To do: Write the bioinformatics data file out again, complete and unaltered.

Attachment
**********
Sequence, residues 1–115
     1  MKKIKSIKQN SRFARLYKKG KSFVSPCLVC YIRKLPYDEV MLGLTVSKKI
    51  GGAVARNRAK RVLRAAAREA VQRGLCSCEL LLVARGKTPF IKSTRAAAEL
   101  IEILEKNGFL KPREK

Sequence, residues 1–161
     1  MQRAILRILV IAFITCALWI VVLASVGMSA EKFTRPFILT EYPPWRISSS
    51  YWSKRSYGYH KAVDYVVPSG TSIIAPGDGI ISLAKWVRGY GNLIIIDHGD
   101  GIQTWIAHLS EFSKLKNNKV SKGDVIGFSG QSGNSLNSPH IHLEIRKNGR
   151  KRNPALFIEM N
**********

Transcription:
Sequence, residues 1–115
     1  MKKIKSIKQN SRFARLYKKG KSFVSPCLVC YIRKLPYDEV MLGLTVSKKI
    51  GGAVARNRAK RVLRAAAREA VQRGLCSCEL LLVARGKTPF IKSTRAAAEL
   101  IEILEKNGFL KPREK

Sequence, residues 1–161
     1  MQRAILRILV IAFITCALWI VVLASVGMSA EKFTRPFILT EYPPWRISSS
    51  YWSKRSYGYH KAVDYVVPSG TSIIAPGDGI ISLAKWVRGY GNLIIIDHGD
   101  GIQTWIAHLS EFSKLKNNKV SKGDVIGFSG QSGNSLNSPH IHLEIRKNGR
   151  KRNPALFIEM N